Hospital-wide Hazards » Work-related Musculoskeletal Disorders

Work-related Musculoskeletal Disorders (MSDs) affect the muscles, nerves and tendons, musculoskeletal system and connective tissue. MSDs may include sprains, strains, tears; herniated discs; pain, swelling and numbness; carpal or tarsal tunnel syndrome; and a form of Raynaud's syndrome, among others.

MSDs (including those of the neck, upper extremities and lower back) are the leading cause of lost workday injury and illness in the healthcare industry (U.S. Bureau of Labor Statistics). Sprains and strains are the most often reported injuries, and the shoulders and lower back are the most frequently affected body parts. In healthcare, MSDs may result from overexertion related to the manual lifting, moving and repositioning of patients, residents or clients (i.e., manual patient handling). In addition to frequent lifting and repositioning patients, the increasing weight of patients to be lifted due to the obesity epidemic in the United States is a significant risk factor (CDC).

Given the increasing biomechanical demands on caregivers today, and the effectiveness of lifting equipment, the healthcare industry must rely on technology to make lifting patients safer. Patient transfer and lifting devices are key components of an effective program to control the risk of injury to patients and staff associated with lifting, transferring, repositioning or movement of patients. Safe Patient Handling can reduce musculoskeletal disorders (MSDs). Reducing injuries not only helps workers, but also improves patient care and the financial bottom line.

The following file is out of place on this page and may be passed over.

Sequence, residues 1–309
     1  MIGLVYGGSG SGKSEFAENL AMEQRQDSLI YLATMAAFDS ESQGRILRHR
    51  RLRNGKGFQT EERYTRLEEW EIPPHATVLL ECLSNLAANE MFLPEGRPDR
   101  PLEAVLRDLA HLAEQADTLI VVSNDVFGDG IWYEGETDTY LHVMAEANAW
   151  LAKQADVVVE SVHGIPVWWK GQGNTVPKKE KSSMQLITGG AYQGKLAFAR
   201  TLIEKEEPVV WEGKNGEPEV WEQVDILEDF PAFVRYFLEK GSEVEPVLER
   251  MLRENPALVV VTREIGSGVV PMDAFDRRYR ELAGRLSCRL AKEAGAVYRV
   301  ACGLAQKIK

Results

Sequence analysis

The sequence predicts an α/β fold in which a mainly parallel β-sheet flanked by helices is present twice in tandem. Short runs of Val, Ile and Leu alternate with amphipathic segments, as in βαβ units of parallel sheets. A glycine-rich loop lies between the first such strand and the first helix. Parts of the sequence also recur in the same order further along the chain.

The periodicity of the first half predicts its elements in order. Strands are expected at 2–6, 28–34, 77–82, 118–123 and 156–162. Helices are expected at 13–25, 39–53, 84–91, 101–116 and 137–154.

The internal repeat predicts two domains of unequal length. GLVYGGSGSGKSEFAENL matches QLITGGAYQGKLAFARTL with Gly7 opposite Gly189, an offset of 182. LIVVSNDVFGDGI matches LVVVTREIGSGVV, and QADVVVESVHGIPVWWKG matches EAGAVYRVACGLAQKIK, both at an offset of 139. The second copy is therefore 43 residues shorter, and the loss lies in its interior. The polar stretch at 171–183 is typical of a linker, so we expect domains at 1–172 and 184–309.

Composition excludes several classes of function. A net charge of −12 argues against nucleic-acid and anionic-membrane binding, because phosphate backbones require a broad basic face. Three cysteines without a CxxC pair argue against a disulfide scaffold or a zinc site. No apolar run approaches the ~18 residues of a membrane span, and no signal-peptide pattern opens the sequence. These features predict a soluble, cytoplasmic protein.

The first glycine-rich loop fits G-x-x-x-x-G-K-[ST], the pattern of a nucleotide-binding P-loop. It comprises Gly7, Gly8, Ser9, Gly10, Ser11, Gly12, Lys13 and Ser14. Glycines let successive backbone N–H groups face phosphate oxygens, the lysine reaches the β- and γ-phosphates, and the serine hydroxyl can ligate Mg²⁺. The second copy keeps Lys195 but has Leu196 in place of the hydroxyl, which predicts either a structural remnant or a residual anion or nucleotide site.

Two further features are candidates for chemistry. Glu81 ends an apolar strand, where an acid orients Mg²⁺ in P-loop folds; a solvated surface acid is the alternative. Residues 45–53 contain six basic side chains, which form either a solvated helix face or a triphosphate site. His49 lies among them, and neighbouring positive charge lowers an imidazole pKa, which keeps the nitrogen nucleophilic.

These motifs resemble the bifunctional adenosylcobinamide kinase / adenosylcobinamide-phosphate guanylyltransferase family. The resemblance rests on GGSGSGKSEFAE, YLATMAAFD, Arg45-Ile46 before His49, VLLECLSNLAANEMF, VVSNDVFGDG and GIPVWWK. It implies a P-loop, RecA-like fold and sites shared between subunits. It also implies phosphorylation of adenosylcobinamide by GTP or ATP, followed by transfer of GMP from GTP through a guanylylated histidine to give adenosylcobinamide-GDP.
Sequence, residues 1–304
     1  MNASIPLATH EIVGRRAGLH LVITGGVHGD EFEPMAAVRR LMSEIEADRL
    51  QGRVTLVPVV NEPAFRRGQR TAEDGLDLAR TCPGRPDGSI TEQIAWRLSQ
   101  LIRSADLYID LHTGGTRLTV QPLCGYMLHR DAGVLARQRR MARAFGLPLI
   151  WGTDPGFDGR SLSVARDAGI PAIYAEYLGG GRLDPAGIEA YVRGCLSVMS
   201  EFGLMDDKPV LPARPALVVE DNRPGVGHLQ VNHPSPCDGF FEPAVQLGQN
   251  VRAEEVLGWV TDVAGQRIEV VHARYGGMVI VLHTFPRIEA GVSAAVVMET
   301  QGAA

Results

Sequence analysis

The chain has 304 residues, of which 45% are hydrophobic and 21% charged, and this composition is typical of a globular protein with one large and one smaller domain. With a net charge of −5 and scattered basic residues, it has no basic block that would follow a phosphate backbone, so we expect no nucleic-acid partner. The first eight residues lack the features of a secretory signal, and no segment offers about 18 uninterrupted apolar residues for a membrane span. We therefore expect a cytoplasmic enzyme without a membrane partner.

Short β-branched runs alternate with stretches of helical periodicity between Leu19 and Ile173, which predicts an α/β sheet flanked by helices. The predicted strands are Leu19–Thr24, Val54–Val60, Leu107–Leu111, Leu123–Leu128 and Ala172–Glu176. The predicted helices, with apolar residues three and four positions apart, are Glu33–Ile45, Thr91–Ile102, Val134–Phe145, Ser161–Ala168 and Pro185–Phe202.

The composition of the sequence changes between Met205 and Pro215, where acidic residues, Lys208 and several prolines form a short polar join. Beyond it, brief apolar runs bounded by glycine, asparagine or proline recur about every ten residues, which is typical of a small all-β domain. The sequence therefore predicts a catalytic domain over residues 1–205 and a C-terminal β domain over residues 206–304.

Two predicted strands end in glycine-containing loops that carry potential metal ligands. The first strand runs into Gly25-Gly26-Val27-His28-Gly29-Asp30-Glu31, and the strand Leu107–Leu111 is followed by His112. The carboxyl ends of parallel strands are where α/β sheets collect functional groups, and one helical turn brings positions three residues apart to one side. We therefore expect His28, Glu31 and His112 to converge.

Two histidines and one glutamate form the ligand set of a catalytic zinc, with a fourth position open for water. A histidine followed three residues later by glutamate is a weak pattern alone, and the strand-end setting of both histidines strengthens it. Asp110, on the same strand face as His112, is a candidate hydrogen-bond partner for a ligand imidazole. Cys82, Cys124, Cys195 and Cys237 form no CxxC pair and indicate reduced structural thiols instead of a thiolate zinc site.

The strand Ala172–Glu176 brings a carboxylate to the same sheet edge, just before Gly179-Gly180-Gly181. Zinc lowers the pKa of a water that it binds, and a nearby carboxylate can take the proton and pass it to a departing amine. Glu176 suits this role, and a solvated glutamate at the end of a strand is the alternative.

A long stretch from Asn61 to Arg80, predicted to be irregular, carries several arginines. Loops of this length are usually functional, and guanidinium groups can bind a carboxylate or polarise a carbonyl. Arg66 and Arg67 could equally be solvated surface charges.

Safe Patient Handling Programs are being implemented across the country to help reduce MSDs among hospital workers. Essential elements of such a program include the following:

  • Management commitment to implement a safe patient handling program and to provide workers with appropriate measures to avoid manual handling;
  • Worker participation in the assessment and implementation processes and the evaluation and selection of patient handling devices;
  • A thorough hazard assessment that addresses high-risk units or areas;
  • Consistent investment in equipment;
  • Staff planning for patient handling and mobility;
  • Training for staff. Focus the education and training of healthcare employees on assessment of hazards in the healthcare work setting, selection and use of the appropriate patient lifting equipment and devices, and procedures for reporting injuries; and
  • Program review and evaluation processes.
  • Medical management of early symptoms and injuries reported by staff.

For more information, see Worker Safety in Hospitals – Safe Patient Handling and OSHA's Safe Patient Handling Safety and Health Topics Page.

MSDs-related issues pertaining to specific hospital areas are discussed within the modules (Select the module of interest to view the guidance on MSD matters):